To get rid of any input always infers a level of digression in functionality specific to that ability, and a level of usability that has been lost by users specific to that mode of input. Either way, you've answered your own question when you mention the stylus, given its similarities to the mouse. As such, invariably to be able to accept stylus input, you already have all of the abilities of the mouse. So, even if you wanted to DROP the mouse altogether, you more than likely couldn't. Disregarding a for-sure class-action lawsuit under the ADA, someone would simply roll out third-party support.

    In other words, Good Luck With That. And try playing Diablo 3 with a stylus, that would be a hoot :P.

    IMO, all modes of input should be considered equal. Use what works best for you, and who cares. Its like the guys who don't want touch on a monitor as it'll give 'gorilla arm'. They act like suddenly a mouse and keyboard will go away and you'll be waving your arms like a fool for hours on end and not simply using touch when the times call for it, and kb/mouse all other times. Its meant to supplement, not replace, the other modes of input.
    As I've already said...

    What I obviously should be more concise is that touch will replace the mouse, but it can still be used if needed. I'm not going to be fully replacing my mouse when I have a touchscreen because of PC gaming, which since the GUI was made, revolved around the mouse and continues to this day.

    There are similarities of a stylus and a mouse of course, difference is that a stylus is held in your hand in a more natural way than a mouse. Are you expecting me to draw with a mouse?

    Also, a lady I know that works at a retirement home started using ipads over mouse computers. They found that a lot of the old folk really liked the touching aspect of the ipad, as it made sense over, "Now move the mouse cursor to here." Look and tap. That's it. It's also easier on people who have arthritis in their hands as hold a mouse isn't very ideal, versus looking and tapping.
    I thought I am not gonna say anymore, but obviously I (and everyone else) did not put words into your mouth because we clearly have the same understanding of what you said (actually they were written so even if we read them over and over again, it still has the same meaning for us).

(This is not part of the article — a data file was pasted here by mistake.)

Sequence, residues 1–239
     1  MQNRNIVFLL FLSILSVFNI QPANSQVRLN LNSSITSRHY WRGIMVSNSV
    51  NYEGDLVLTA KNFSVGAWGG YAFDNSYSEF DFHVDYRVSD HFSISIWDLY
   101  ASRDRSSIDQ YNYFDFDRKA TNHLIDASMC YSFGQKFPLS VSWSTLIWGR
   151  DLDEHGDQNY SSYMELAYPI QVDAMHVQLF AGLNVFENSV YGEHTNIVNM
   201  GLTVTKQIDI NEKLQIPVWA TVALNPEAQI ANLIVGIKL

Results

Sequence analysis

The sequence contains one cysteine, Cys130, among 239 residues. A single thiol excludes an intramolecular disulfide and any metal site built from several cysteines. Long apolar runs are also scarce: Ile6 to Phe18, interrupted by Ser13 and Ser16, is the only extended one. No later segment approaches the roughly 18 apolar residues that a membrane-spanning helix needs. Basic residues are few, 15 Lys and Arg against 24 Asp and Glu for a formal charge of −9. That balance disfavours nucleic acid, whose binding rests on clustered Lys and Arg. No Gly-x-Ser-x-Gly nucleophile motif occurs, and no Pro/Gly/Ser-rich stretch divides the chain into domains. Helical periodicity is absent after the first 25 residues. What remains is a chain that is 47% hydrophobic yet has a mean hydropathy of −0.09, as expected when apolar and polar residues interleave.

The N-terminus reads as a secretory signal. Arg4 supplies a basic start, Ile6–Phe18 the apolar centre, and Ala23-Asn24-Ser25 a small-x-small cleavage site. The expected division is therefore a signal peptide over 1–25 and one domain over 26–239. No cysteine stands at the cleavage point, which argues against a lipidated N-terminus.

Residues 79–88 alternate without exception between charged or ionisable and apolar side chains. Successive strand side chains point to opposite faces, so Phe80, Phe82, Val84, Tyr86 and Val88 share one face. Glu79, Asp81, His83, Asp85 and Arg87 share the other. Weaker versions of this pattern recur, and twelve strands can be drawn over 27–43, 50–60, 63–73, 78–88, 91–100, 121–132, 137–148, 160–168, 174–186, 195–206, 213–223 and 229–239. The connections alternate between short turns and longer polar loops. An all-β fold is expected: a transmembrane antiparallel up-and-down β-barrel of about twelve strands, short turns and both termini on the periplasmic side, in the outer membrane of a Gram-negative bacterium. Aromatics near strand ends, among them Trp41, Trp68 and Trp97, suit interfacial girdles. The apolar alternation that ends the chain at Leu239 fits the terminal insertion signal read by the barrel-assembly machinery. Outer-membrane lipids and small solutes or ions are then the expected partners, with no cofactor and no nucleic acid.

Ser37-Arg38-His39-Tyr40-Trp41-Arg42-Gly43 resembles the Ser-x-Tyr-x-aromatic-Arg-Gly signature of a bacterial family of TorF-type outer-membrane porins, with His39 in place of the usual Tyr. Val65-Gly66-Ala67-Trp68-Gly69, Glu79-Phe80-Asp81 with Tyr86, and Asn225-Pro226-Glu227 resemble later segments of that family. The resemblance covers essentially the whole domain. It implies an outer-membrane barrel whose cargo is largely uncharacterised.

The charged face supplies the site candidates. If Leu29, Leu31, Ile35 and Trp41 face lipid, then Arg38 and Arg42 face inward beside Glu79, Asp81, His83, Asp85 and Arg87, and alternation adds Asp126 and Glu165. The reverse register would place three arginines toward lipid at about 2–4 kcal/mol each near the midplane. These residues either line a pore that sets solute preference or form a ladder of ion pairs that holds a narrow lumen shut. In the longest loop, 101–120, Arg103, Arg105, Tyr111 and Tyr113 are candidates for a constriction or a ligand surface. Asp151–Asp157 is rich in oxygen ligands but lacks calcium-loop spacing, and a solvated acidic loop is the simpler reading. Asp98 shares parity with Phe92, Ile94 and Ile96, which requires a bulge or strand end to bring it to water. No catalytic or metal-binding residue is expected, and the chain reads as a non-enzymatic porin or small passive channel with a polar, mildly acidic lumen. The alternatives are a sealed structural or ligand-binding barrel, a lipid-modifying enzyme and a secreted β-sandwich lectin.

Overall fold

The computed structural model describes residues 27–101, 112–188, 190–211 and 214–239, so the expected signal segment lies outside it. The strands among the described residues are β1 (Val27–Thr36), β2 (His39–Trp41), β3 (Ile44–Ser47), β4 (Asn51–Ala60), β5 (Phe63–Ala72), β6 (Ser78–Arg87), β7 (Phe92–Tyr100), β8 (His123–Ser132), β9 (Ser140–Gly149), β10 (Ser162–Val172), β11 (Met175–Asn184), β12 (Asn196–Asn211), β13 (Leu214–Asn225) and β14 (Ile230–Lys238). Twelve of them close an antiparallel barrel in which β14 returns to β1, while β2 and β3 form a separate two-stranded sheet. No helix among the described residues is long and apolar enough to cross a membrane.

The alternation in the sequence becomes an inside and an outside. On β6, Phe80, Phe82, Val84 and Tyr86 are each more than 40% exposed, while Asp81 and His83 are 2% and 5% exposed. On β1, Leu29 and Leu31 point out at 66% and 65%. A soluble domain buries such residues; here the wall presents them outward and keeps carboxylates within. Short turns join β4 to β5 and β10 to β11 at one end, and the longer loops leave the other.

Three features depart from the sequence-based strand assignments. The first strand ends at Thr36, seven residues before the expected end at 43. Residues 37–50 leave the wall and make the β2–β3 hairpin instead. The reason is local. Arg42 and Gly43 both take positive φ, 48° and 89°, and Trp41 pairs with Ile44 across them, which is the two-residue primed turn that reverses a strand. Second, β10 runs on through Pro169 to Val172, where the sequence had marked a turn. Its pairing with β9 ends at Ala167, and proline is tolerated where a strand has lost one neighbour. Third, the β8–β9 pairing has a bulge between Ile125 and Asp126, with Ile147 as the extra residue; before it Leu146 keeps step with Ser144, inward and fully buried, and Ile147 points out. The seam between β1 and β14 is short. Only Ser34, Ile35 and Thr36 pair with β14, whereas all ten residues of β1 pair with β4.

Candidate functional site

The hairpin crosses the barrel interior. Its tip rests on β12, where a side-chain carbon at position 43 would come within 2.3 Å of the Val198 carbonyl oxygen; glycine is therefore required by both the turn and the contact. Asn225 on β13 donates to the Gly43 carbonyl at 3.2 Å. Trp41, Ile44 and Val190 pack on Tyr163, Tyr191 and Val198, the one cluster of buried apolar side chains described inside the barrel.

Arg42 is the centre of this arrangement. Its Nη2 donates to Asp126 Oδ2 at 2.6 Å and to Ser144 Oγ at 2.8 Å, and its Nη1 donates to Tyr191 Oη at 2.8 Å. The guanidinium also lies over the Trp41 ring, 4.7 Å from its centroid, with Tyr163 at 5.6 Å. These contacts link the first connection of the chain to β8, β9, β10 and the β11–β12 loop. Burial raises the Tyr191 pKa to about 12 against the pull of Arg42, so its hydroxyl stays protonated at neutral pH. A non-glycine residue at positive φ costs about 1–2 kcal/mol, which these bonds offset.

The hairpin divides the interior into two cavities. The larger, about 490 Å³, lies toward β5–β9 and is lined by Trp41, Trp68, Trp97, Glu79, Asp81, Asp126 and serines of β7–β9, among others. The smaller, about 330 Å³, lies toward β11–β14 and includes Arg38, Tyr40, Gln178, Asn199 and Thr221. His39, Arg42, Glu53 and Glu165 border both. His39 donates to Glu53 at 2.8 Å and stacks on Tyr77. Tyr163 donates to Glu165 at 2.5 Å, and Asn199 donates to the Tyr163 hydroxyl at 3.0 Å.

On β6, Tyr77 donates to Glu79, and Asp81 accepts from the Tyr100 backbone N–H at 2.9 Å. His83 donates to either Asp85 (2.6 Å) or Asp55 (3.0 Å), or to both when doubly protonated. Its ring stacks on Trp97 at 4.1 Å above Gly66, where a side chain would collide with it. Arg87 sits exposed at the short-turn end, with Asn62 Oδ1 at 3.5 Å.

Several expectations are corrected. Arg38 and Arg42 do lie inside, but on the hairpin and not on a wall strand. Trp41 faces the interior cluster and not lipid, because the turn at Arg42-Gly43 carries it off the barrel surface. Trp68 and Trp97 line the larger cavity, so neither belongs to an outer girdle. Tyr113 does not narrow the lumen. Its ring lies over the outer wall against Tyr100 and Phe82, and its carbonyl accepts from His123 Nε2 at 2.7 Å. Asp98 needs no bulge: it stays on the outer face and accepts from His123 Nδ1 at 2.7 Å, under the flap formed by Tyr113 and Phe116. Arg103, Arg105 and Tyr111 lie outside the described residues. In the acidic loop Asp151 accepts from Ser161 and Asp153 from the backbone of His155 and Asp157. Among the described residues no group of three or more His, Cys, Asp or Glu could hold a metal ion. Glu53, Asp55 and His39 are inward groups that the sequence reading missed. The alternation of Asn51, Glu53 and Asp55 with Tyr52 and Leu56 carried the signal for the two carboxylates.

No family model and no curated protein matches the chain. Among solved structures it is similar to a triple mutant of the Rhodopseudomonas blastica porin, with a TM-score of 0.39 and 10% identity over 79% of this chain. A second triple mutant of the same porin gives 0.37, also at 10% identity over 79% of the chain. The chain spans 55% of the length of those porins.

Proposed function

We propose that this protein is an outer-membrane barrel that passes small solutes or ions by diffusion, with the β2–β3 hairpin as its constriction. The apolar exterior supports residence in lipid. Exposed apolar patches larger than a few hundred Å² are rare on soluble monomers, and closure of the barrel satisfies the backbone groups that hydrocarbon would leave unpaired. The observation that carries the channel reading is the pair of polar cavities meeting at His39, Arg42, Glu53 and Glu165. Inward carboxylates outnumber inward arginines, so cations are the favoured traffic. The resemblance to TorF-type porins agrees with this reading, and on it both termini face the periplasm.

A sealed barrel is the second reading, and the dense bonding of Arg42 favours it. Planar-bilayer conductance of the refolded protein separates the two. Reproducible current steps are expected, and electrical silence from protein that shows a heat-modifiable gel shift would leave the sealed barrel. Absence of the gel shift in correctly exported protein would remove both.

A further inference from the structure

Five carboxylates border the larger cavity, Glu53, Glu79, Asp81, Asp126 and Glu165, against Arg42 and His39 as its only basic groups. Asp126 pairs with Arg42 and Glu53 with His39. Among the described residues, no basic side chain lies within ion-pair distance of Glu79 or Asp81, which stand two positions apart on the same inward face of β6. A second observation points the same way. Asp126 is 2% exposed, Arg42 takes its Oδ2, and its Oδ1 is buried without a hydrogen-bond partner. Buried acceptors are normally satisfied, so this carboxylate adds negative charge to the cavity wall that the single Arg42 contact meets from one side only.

So let me correct you, do not use the word "REPLACE", just say "a good (if you believe so) ALTERNATIVE" to a mouse.
    Older people or anyone (including me) favor the iPads not because of "touch" aspect but because nobody wants to lug around a desktop pc inside a purse (if it even fits) and the iPad's interface is very simple and fluid. Give them a windows 8 tablet and they will throw it away.
    I guess I'll have to dumb my words down some or make meaning more concise as to me, all I ever was trying to say is that when you have a touch screen especially with a stylus, the need for the mouse isn't so much there anymore that you can really justify keeping it for EVERYTHING. Yes, it can be used still, but not so much.

    Click image for larger version

    The ipad's interface is simple for some, too simple for others. That's why you'll see salespeople at wireless store pushing the iphone for older people who have never used a smartphone because of it's simpleton UI of poke and jab to open everything, let along the skeuomorphic design. THAT'S probably the best reason why, as there are still things in ios and mac os that probably older people will appreciate.
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  7. #117


    Posts : 474
    Win 8 (64) : Win 7 (64) : Vista (64) : Android JB 4.2 : iOS 6


    Quote Originally Posted by Coke Robot View Post
    Quote Originally Posted by fourthofjuly View Post
    Quote Originally Posted by Coke Robot View Post

    As I've already said...

    What I obviously should be more concise is that touch will replace the mouse, but it can still be used if needed. I'm not going to be fully replacing my mouse when I have a touchscreen because of PC gaming, which since the GUI was made, revolved around the mouse and continues to this day.

    There are similarities of a stylus and a mouse of course, difference is that a stylus is held in your hand in a more natural way than a mouse. Are you expecting me to draw with a mouse?

    Also, a lady I know that works at a retirement home started using ipads over mouse computers. They found that a lot of the old folk really liked the touching aspect of the ipad, as it made sense over, "Now move the mouse cursor to here." Look and tap. That's it. It's also easier on people who have arthritis in their hands as hold a mouse isn't very ideal, versus looking and tapping.